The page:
Spokane -- Since 2008, Washington has increased wind production nearly four-fold and solar energy production 228 times, according to a new report released today by Environment Washington Research & Policy Center. This increase ranks us 14th in wind and 32nd in solar nationally. The report also highlights advances in the use of energy storage and electric vehicles that can help catalyze the clean energy revolution in Washington. Washington ranked 5th for improvements in electricity energy efficiency programs.
“Every day, there’s more evidence that a cleaner, healthier economy powered by renewable energy is within our reach,” said Bruce Speight from the Environment Washington Research and Policy Center. “The progress we’ve made in the last decade on renewable energy and technologies like battery storage and electric cars should give Washingtonians the confidence that we can take clean energy to the next level.”
The report, Renewables on the Rise: A Decade of Progress Positions America for a 100% Renewable Future, provides a state-by-state assessment of the growth of key technologies needed to power the nation with clean, renewable energy, including wind, solar, energy efficiency, energy storage and electric vehicles. Washington ranked 14th for wind and 32nd for solar and 3rd for number of electric vehicles sold through 2017.
“Washington State has seen significant progress on clean energy and has helped lead on clean energy” continued Professor Brian H. Henning from 350 Spokane. “But, in order to ensure a healthy future for our kids, we need to continue to lead with by transitioning Washington as quickly to a future powered by renewable energy.”
“Washington has been a leader in transitioning to clean energy,” said Nina Webster, First Vice President with Amalgamated Bank, a member of RE100. “The actions and policies outlined in this report exemplify the kind of responsible and forward-thinking steps we all must be focused on to make a difference and Amalgamated Bank is proud to put its support behind them."
The report describes the factors that rapid growth in each category since 2008, including policies, improved technologies and lower costs, all of which suggest the potential for continued rapid growth in the years to come. State leaders will be considering policy proposals in 2019 that increase energy efficiency, transition our electricity grid to 100 clean energy, promote a cleaner and greener transportation system and further incentivize electric cars and buses.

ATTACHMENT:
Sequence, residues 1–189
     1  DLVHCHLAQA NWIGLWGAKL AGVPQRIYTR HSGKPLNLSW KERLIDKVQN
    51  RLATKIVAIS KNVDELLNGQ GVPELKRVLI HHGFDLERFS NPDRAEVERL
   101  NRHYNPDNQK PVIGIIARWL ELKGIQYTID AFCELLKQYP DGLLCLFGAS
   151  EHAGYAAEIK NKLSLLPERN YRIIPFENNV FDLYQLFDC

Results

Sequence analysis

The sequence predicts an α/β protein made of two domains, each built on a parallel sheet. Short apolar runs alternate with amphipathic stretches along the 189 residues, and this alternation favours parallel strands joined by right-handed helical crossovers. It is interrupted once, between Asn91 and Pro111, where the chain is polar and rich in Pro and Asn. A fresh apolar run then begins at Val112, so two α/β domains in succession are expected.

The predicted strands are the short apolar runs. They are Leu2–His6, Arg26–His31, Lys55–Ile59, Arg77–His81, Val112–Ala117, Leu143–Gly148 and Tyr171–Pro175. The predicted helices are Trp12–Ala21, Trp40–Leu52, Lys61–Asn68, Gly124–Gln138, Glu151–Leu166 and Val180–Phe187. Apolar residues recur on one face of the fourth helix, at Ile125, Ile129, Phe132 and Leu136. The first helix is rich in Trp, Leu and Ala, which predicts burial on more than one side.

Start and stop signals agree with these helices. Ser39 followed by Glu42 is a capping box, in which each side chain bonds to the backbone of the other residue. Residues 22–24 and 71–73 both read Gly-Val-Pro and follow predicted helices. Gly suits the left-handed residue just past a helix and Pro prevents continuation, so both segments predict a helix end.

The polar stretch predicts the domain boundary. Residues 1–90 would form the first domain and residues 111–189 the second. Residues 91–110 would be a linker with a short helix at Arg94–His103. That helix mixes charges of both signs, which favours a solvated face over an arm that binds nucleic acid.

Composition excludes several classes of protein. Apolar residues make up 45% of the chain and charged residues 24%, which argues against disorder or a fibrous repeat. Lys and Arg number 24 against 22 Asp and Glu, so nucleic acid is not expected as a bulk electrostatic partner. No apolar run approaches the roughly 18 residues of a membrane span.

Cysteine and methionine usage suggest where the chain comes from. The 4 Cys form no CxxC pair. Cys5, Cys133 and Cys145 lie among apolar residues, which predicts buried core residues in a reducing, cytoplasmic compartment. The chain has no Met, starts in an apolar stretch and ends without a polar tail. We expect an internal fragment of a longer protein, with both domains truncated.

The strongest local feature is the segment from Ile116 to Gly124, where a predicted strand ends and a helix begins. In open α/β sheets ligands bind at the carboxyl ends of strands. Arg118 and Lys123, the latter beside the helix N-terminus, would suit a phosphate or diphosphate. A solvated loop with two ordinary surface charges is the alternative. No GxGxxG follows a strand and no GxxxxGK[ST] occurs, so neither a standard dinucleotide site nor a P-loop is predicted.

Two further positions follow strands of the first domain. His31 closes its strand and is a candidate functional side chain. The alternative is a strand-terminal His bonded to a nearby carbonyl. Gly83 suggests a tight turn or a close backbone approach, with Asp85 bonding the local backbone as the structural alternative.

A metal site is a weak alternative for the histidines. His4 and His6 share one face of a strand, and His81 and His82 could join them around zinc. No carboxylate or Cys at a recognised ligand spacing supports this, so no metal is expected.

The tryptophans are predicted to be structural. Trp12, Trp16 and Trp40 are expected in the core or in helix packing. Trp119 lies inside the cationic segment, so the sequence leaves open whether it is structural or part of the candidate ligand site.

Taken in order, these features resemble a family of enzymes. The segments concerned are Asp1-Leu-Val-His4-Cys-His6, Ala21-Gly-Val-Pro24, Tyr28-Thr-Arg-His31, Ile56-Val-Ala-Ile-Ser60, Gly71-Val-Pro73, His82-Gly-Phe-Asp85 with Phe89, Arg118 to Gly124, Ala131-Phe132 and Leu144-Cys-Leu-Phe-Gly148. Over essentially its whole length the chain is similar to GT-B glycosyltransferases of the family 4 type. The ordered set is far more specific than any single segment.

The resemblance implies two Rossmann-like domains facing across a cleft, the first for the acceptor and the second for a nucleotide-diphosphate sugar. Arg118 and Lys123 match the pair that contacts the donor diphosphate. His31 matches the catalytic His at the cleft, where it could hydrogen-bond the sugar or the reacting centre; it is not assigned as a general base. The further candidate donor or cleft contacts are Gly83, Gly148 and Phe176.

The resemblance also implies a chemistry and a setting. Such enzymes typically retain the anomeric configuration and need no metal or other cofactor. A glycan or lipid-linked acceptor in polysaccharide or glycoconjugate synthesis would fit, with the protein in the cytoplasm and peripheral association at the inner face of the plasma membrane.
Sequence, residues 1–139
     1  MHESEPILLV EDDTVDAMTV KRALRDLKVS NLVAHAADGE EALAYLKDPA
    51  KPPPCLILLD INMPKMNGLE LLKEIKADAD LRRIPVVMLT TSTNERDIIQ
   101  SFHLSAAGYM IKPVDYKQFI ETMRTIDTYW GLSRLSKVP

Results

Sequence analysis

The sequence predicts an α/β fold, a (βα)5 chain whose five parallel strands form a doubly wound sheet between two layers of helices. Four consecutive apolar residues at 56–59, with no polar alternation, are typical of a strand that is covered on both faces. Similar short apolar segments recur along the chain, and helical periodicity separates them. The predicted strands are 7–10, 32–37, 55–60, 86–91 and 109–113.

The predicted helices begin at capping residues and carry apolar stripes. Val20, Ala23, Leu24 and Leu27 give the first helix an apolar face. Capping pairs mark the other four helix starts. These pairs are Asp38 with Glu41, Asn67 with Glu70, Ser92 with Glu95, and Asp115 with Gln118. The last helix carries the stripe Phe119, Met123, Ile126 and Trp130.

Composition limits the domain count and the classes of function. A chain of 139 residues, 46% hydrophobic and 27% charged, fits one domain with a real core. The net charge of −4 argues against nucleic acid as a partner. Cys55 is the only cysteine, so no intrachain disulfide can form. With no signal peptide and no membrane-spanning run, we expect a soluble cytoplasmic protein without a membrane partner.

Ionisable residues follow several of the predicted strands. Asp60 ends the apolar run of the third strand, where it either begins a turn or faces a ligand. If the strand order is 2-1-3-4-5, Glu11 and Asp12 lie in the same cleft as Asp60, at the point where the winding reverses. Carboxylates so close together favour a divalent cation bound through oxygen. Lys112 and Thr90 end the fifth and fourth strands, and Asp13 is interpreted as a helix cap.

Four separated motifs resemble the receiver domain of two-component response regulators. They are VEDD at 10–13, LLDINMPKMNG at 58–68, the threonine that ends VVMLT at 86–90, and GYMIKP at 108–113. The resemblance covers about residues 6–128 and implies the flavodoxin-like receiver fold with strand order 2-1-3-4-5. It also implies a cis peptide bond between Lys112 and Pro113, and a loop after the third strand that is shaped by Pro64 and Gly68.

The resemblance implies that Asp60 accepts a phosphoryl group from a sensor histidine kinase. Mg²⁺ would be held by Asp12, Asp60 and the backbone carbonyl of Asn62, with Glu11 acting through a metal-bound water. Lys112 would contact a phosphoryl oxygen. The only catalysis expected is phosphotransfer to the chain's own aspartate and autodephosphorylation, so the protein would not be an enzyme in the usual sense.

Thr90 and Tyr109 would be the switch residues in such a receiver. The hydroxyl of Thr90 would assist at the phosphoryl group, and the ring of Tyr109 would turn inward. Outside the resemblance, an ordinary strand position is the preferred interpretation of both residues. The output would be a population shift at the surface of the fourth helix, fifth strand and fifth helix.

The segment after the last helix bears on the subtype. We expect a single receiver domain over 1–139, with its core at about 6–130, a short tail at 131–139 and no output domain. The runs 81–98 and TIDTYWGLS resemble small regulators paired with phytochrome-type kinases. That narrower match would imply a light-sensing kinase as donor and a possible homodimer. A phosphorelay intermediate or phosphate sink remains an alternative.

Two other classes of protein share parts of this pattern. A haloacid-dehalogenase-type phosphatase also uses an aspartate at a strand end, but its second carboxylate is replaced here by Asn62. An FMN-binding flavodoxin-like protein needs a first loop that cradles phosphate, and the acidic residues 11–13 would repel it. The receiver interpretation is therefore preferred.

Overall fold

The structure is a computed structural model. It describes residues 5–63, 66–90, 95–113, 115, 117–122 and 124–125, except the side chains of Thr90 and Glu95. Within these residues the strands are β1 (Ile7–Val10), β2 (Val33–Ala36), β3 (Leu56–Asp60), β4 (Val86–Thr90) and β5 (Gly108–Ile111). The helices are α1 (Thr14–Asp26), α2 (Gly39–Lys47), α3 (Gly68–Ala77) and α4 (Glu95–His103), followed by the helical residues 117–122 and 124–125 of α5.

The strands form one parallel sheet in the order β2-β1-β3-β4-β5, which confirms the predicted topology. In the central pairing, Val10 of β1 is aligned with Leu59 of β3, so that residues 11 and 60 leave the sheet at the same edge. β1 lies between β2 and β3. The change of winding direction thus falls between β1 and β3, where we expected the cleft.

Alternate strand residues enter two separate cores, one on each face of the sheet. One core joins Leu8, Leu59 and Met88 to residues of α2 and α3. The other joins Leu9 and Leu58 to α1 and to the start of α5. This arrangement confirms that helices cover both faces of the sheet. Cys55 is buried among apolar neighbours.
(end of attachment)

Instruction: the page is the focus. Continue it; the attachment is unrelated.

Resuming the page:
“We’ve build a good foundation, with our 15 percent renewable energy standard and the state renewable energy production incentive,” said Speight. “Be we need to build on the foundation and take aggressive action to increase efficiency and wind and solar power in the short term, commit to 100 percent clean and renewable electricity, and ensure that all new energy resources in Washington are clean and renewable.
The report comes as a diverse group of U.S. cities, states, corporations and institutions commit to 100 percent renewable energy. In 2015, Hawaii became the first state in the country to set a 100 percent renewable energy requirement. Earlier this year, California became the second state by passing a similar bill.
At the local level, more than 80 American cities, led by a mix of Republican and Democratic mayors, have committed to that goal, including Edmonds, Whatcom County, Bellingham and Spokane. In September the City of Spokane set a goal of 100 percent renewable energy for the city by 2030. In addition, 131 major companies, including Bank of America, Google, Anheuser-Busch, and Amalgamated Bank have committed to power their operations with 100 percent renewable energy.
“The City of Spokane is showing the way with their leadership for 100% clean and renewable energy by 2030,” added Speight. “It’s time for Washington State to follow their lead.”
“The reality is inescapable: fossil fuels pollute our air, water, and land, while threatening our health and changing our climate,” said Kara Odegard of Odegard Consulting and Board Member of the Spokane Independent Metro Business Alliance (SIMBA). “We need to seize the moment, build on recent progress, and lean into a future powered by clean, renewable energy.”
“Washington State has seen significant progress on clean energy over the past decade” continued Levi Keesecker from E2 Environmental, a SIMBA supporter. “But, in order to guarantee a healthy future for our children, we need to continue to lead by ensuring Washington is fully powered by renewable energy as quickly as possible.”
Repowering our economy with clean, renewable energy can put our nation on a healthier, more sustainable course. And with rapid improvements in technology, vast clean energy resources, and a willing public, a future powered entirely by clean, renewable energy is increasingly within our reach.
Environment Washington Research & Policy Center is a 501(c)(3) organization. We are dedicated to protecting our air, water and open spaces. We investigate problems, craft solutions, educate the public and decision-makers, and help the public make their voices heard in local, state and national debates over the quality of our environment and our lives. For more information, visit www.environmentwashingtoncenter.org.